Figure 3. World gini inequality
Another distinct advantage of using a parametric assumption is that we can correct one of the potentially largest problems of the survey data – the bias in the surveys arising from the underreporting of the very rich and the very poor.
The rich tend to not respond to surveys more systematically than middle-income people do (their houses are less accessible) and they may tend to underreport a larger fraction of their income as they have more incentives to hide.
The very poor, on the other hand, may be hard to interview (especially in poor countries) as they do not have identification or a fixed address. It may also be difficult to value the income of the very poor, as it often accrues in kind rather than in currency.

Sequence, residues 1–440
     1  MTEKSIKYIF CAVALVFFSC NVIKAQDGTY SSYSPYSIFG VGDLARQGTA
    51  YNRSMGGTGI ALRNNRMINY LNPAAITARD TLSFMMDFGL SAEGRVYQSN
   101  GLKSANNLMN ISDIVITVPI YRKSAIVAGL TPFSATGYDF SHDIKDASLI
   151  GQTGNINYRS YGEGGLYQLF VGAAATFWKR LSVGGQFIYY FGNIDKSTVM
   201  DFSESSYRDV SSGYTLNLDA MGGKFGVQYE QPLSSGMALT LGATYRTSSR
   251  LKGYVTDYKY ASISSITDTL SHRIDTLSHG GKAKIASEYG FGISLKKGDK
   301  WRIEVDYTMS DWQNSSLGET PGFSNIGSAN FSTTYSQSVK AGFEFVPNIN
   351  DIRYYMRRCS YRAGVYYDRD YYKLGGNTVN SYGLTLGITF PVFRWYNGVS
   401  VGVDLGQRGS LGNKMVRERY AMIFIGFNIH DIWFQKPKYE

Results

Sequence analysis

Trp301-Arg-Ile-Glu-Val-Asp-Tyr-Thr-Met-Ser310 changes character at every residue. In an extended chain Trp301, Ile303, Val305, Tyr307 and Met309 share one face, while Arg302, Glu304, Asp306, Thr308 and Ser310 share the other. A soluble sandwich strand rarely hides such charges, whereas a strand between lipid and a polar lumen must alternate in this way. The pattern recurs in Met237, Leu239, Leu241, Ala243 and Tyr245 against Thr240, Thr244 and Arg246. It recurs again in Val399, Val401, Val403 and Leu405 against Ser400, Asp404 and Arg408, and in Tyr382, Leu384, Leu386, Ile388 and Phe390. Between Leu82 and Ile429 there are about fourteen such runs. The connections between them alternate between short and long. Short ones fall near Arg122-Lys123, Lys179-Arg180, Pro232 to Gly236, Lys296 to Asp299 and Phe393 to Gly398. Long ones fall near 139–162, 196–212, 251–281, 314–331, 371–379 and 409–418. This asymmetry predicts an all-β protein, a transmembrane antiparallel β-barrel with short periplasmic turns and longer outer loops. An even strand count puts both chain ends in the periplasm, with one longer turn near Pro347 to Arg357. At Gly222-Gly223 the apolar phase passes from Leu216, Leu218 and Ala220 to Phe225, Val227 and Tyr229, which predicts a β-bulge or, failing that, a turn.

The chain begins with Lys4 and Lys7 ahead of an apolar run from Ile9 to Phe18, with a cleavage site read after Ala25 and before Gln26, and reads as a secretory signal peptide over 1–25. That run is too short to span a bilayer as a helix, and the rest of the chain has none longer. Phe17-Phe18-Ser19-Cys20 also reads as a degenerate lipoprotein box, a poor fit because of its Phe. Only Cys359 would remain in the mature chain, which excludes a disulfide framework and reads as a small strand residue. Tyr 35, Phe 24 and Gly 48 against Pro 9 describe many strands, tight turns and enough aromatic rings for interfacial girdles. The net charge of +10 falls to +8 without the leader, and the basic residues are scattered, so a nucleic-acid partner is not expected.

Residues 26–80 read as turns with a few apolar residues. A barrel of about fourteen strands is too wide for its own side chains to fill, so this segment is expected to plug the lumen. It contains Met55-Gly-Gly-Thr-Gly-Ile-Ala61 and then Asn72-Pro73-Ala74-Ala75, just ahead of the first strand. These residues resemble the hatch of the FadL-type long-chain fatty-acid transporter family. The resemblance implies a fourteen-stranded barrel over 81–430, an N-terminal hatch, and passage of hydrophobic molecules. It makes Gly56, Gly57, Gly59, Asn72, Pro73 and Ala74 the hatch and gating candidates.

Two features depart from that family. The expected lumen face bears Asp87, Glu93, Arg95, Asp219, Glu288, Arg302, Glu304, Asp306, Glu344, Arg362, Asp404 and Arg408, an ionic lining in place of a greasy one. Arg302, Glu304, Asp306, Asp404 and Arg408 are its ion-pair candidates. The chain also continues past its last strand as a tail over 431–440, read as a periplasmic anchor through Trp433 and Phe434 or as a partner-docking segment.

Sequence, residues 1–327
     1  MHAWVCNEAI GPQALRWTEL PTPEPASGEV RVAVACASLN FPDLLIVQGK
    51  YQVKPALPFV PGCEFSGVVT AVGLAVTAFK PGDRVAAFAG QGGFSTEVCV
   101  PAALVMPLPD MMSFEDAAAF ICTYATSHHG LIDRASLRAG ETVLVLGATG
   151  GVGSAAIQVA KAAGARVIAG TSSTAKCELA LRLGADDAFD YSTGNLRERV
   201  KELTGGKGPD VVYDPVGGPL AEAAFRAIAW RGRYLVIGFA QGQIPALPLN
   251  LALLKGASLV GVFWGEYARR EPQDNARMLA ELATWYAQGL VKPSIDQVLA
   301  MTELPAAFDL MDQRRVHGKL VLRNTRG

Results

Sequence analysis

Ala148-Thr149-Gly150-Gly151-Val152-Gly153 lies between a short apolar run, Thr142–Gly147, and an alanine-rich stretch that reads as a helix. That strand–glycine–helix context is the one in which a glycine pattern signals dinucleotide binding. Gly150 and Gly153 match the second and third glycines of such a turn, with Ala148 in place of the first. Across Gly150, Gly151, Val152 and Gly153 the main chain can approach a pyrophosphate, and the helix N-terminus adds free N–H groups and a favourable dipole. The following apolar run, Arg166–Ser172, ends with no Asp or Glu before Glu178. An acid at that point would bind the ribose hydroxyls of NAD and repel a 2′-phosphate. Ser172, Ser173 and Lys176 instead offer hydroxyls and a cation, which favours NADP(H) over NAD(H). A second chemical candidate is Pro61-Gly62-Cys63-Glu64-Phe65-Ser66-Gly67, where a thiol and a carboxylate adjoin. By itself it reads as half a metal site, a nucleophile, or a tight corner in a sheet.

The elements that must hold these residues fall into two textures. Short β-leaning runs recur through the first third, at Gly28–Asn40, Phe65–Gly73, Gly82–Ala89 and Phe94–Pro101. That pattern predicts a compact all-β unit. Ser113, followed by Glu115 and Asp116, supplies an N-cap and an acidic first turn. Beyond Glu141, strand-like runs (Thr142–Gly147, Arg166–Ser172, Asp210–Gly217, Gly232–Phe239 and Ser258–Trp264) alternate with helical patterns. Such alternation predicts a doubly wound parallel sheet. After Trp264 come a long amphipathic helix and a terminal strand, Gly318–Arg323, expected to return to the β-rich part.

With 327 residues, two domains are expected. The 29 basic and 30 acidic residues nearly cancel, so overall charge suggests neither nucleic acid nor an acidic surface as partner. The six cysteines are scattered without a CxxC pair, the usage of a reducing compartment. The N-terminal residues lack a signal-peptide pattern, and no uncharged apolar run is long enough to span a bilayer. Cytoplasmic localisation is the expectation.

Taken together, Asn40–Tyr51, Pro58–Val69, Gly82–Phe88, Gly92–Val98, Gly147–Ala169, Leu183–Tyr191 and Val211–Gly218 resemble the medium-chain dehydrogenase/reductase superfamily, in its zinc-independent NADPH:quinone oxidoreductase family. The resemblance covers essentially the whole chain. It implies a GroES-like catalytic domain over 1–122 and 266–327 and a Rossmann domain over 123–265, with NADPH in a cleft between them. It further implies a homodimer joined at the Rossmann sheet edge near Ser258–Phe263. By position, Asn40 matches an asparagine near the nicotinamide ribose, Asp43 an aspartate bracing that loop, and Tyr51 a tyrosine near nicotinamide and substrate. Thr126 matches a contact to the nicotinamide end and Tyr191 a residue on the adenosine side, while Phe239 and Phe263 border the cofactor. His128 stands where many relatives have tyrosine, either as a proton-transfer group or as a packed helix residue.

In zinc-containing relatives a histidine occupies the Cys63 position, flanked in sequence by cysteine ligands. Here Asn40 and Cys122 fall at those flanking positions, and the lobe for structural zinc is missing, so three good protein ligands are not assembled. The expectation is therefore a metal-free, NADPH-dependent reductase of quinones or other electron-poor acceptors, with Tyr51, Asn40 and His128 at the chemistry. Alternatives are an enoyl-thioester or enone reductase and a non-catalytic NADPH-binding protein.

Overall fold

Underreporting may lead to understating poverty, if the poor or the rich are not counted, making the distribution seem more egalitarian than it is. Underreporting may instead lead to overstating it, if much of the income of the poor is in kind, and not accounted for, then the poor seem to be poorer than they really are. Using the lognormality assumption, we can correct for misreporting by basing the distribution parameter not on all five quintiles, but on the middle three (specifically, on the ratios of each of the middle three quintile shares to their sum), since incomes in the middle quintiles should not be affected by problems in the tails of the distribution.
We find that underreporting is not very significant as the poverty series with and without the correction for underreporting are close together and underreporting actually overstates poverty. Hence, correcting for mismeasurement in the income survey data actually strengthens our conclusions.